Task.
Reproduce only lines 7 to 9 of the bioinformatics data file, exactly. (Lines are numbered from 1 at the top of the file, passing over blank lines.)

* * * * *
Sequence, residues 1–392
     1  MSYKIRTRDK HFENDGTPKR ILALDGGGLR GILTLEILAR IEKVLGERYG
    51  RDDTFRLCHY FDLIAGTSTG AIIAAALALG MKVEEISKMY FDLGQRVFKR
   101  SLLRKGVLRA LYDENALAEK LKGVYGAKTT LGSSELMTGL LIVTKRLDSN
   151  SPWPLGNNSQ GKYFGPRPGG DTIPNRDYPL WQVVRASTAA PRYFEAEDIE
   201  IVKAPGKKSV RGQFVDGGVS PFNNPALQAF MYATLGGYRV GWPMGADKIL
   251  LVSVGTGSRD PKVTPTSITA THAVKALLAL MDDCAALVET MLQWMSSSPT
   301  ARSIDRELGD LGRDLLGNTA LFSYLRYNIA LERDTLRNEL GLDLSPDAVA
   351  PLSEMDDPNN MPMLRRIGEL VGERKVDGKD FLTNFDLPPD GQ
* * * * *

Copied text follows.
   251  LVSVGTGSRD PKVTPTSITA THAVKALLAL MDDCAALVET MLQWMSSSPT
   301  ARSIDRELGD LGRDLLGNTA LFSYLRYNIA LERDTLRNEL GLDLSPDAVA
   351  PLSEMDDPNN MPMLRRIGEL VGERKVDGKD FLTNFDLPPD GQ